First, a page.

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Publication numberUS7717905 B2
Publication typeGrant
Application numberUS 10/978,613
Publication dateMay 18, 2010
Filing dateNov 1, 2004
Priority dateNov 1, 2004
Fee statusPaid
Also published asUS20060095023, WO2006048707A1
Publication number10978613, 978613, US 7717905 B2, US 7717905B2, US-B2-7717905, US7717905 B2, US7717905B2
InventorsFrieder Loesel, Tobias Kuhn
Original AssigneeTechnolas Perfect Vision Gmbh
Export CitationBiBTeX, EndNote, RefMan
External Links: USPTO, USPTO Assignment, Espacenet
Time-resolved scanning patterns for intrastromal surgery
US 7717905 B2
Abstract
A system and method for performing laser induced optical breakdown (LIOB) in corneal tissue of an eye requires calculating a pattern of focal spots. LIOB is then induced at a first focal spot, and is continued at a plurality of interim focal spots within a time period τ. Each focal spot has a diameter d1 and generates a temporal cavitation bubble of diameter d2. It then collapses within time τ to a substantially stationary diameter d3, with (d1≦d3≦d2). Importantly, each focal spot is located more than d2 from every other interim focal spot within the time period of τ. At the time τ, a second focal spot in the pattern can be generated at a distance d3 from the first focal spot. This process is then continued with another plurality of interim focal spots being generated within another time period τ.
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Claims(15)
1. A method for performing laser induced optical breakdown (LIOB) in a substantially transparent material which comprises the steps of:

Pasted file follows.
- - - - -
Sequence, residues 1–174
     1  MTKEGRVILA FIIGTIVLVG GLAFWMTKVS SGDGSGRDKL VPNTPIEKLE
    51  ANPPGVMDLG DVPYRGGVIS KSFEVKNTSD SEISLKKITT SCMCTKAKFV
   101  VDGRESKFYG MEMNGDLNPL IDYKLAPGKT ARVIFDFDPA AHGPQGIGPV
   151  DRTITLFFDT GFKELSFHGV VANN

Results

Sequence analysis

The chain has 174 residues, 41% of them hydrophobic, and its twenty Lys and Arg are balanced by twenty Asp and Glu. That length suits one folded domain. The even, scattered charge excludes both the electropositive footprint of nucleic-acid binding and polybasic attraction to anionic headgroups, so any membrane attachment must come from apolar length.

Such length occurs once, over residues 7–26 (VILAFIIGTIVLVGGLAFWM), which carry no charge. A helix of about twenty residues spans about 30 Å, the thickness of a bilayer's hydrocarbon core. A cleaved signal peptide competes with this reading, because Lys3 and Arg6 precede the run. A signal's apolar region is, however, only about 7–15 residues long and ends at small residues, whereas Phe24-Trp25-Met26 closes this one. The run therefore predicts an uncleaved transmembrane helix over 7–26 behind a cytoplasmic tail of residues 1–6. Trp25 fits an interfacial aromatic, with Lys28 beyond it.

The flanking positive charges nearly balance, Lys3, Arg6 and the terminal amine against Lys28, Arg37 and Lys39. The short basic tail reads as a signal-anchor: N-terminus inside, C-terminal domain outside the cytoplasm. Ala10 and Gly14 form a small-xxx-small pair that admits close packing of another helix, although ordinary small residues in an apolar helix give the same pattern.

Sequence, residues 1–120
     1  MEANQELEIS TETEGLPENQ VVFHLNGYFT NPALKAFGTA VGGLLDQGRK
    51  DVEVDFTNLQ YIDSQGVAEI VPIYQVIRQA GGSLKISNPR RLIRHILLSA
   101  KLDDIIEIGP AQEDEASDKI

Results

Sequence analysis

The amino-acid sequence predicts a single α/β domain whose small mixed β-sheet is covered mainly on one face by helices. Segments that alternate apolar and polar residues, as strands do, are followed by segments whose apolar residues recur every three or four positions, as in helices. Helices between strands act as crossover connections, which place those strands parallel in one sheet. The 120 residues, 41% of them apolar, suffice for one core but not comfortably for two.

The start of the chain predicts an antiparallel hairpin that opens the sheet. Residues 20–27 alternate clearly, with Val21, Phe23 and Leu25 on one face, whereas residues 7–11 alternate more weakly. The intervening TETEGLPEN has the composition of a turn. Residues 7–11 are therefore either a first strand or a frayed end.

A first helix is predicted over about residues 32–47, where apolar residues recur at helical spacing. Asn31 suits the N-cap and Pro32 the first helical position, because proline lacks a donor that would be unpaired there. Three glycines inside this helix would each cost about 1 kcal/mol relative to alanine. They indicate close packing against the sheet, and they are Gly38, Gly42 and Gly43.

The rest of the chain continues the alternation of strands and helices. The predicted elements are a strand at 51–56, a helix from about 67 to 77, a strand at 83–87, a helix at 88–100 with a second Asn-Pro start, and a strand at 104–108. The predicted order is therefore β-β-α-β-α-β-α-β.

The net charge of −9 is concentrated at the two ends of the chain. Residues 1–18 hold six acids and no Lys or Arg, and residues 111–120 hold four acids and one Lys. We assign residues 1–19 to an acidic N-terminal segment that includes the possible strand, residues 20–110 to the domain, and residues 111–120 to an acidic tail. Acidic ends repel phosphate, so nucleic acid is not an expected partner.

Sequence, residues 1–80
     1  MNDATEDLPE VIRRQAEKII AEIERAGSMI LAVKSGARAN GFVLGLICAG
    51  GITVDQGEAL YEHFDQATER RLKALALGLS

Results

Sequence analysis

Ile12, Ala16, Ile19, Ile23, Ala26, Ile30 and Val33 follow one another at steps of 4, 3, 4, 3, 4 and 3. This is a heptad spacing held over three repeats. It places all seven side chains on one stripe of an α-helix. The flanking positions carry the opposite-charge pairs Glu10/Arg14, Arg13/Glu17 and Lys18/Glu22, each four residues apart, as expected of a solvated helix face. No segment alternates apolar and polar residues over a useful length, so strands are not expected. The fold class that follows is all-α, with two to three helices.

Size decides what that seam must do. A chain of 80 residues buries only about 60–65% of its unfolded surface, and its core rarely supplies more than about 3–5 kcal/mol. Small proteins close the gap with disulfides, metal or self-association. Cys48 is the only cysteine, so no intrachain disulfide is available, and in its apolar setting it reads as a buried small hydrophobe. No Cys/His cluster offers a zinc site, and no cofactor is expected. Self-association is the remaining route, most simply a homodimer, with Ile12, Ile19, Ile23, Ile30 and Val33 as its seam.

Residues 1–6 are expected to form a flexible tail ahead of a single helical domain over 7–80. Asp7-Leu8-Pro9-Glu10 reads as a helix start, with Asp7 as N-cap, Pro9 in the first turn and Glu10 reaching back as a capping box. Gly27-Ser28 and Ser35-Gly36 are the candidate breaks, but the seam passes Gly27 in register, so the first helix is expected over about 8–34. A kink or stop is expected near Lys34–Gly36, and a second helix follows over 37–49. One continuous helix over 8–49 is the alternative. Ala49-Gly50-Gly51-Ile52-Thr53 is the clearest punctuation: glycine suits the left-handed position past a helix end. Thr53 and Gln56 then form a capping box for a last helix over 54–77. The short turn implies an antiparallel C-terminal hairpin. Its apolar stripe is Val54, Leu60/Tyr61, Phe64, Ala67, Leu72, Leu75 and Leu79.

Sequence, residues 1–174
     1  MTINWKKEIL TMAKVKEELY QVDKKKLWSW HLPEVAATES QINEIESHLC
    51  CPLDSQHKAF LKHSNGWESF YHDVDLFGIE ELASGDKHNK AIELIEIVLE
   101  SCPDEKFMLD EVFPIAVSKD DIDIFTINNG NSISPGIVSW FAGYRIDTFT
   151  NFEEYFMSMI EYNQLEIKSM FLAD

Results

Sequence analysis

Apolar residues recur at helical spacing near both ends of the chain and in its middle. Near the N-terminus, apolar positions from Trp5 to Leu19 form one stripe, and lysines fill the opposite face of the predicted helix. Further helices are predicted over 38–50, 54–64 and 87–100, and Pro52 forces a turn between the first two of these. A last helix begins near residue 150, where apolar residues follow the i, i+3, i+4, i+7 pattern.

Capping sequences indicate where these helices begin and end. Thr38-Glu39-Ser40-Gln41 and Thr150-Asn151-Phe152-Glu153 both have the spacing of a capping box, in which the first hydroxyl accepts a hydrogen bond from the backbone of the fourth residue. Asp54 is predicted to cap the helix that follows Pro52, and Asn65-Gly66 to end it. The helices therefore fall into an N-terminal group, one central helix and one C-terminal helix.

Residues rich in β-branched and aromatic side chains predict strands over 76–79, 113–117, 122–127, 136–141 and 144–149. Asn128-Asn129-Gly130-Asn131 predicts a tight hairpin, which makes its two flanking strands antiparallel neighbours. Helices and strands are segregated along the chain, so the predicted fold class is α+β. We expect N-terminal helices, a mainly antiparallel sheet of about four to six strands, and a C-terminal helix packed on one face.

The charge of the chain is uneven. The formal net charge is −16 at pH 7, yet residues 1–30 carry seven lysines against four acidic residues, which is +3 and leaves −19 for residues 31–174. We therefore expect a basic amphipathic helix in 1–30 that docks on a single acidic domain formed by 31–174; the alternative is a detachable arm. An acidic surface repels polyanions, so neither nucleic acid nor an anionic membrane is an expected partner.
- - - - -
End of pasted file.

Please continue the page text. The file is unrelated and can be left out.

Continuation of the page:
calculating a pattern for a succession of laser focal spots in the material, wherein LIOB occurs at each focal spot in a volume of material having a diameter d1, and the LIOB results in the generation of a cavitation bubble having a maximum diameter d2, where d2 is greater than d1, and a decay time τ during which the cavitation bubble collapses to a substantially stationary diameter d3, with (d1≦d3≦d2);
inducing LIOB at a first focal spot in the pattern;
inducing LIOB at an interim focal spot within the time period τ, wherein the center of the interim focal spot is at a distance greater than d2 from the center of the first focal spot and at a distance greater than d2 from the center of a second focal spot;
waiting for a time period of τ; and
inducing LIOB at the second focal spot in the pattern after the time τ, wherein the second focal spot is substantially juxtaposed with the first focal spot at a distance less than d2 from the center of the first focal spot.
2. A method as recited in claim 1 further comprising the step of inducing LIOB at a plurality of interim focal spots within the time period τ, wherein each interim spot is at a distance greater than d2 from the center of every other interim focal spot.
3. A method as recited in claim 2 wherein the second focal spot becomes a first focal spot and each subsequent interim focal spot for LIOB is at a distance greater than d2 from all focal spots previously induced within a foregoing time period τ.
4. A method as recited in claim 1 wherein the distance d1 is in a range of 1 to 10 microns.
5. A method as recited in claim 4 wherein the distance d2 is approximately equal to 2d1(d2≅2d1).
6. A method as recited in claim 1 wherein the time period τ is less than approximately two microseconds (τ≅2 μs).
7. A method as recited in claim 1 wherein LIOB is induced by a laser pulse.
8. A method as recited in claim 7 wherein the laser pulse has a duration in a range of 1-1000 fs, an energy density in the range of 1-10 J/cm2, and a focal spot diameter in the range of 1-10 microns.
9. A method for performing laser induced optical breakdown (LIOB) in a substantially transparent material which comprises the steps of:
calculating a pattern for a succession of laser focal spots in the material, wherein LIOB occurs at each focal spot in a volume of material having a diameter d1, and the LIOB results in the generation of a cavitation bubble having a maximum diameter d2 and a decay time τ, where d2 is greater than 1;
inducing LIOB at a first focal spot in the pattern;
successively inducing LIOB at a plurality of interim focal spots in the pattern wherein the center of each interim spot is at a distance greater than d2 from the center of each interim focal spot previously induced within the time period τ; and